- The Washington Times - Monday, July 15, 2002

FLORENCE, S.C. (AP) Mayor Frank Willis is exasperated that his already struggling region's economic future lies in dwindling lakes 100 miles away in another state.
Without significant rain, state officials say, several reservoirs along the Yadkin River in North Carolina will run dry by mid-September. Those waters feed the Pee Dee River, which provides industry and drinking water for the about million people who live along its basin in northeast South Carolina.
If the reservoirs run out, water levels along the Pee Dee could drop 80 percent, leaving the river useless for manufacturing and water plants. That would cripple a region whose unemployment rate hovers around 8 percent, well above the state average of 5.5 percent.
"With the bad economic times we already have, something like this could lead to economic disaster," said Mr. Willis, who estimates that up to 20,000 jobs could be lost if the river slows to a trickle for several weeks.
The Pee Dee's plight is the most extreme example of a Southern drought entering its fifth year. The dry spell in the South isn't as widespread as the four-year drought in the West. But the effects for some are severe.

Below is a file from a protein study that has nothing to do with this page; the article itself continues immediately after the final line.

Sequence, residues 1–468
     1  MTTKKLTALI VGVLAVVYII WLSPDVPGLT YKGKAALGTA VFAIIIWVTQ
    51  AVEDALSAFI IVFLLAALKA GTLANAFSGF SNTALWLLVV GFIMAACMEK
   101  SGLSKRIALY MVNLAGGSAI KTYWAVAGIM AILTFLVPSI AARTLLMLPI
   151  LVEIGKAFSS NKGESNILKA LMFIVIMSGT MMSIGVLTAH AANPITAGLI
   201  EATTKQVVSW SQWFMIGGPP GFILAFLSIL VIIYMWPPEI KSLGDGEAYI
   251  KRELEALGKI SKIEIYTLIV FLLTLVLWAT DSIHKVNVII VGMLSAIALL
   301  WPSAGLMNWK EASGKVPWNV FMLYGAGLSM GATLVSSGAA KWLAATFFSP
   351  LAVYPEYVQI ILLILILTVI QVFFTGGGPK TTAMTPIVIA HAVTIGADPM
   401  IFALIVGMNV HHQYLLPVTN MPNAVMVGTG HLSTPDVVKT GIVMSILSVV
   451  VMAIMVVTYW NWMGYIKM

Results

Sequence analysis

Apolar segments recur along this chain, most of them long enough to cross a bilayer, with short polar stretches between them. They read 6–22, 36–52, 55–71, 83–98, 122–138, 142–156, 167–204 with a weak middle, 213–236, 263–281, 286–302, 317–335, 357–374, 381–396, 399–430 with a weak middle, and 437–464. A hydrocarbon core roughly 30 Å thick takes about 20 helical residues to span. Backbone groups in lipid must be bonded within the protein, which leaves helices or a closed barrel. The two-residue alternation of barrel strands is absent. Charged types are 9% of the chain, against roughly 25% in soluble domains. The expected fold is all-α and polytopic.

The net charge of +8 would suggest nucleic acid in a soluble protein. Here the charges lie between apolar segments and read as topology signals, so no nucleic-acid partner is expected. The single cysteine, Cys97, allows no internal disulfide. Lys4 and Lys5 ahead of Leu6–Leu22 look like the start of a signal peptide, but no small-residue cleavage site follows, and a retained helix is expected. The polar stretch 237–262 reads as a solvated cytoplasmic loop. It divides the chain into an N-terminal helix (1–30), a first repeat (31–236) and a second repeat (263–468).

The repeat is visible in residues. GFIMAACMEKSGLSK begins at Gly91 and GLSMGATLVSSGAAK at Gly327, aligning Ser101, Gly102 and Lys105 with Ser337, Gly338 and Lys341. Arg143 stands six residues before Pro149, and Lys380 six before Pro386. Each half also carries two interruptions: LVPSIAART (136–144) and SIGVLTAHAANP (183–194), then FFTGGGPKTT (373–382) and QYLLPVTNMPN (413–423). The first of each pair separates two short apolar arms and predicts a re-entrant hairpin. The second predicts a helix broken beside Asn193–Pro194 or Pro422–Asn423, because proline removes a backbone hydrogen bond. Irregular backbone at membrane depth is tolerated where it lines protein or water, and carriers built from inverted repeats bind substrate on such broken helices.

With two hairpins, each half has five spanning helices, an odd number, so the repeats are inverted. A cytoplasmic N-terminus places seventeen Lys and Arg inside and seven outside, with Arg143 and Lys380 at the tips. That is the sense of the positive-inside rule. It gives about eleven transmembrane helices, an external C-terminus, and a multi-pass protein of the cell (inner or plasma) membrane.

Hardest hit is an area stretching from central Georgia through the middle of South and North Carolina and into central Virginia. Some areas are 60 inches below normal rainfall.
While farmers are suffering this year, for most of the drought they have been spared by rain that has come at the right time, keeping prices reasonable, said South Carolina Agriculture Department spokesman Wayne Mack.
The worst effects are harder to see. Underground, wells are drying up as not enough rain makes it through the soil to recharge the water table. Lake levels are well below normal, exposing stumps and debris.
Water levels at nearly half of the rivers in North and South Carolina are at record low levels. At least 35 municipalities in North Carolina and 20 water systems in South Carolina have issued mandatory water restrictions, while all of Georgia has restricted outdoor watering for two years.
Forecasters predict relief could come in the winter with a warming of Pacific Ocean waters, called the El Nino effect. The last time the region had above-normal rainfall was in the winter of 1998, when El Nino last affected global weather patterns, South Carolina drought coordinator Hope Mizzell said.

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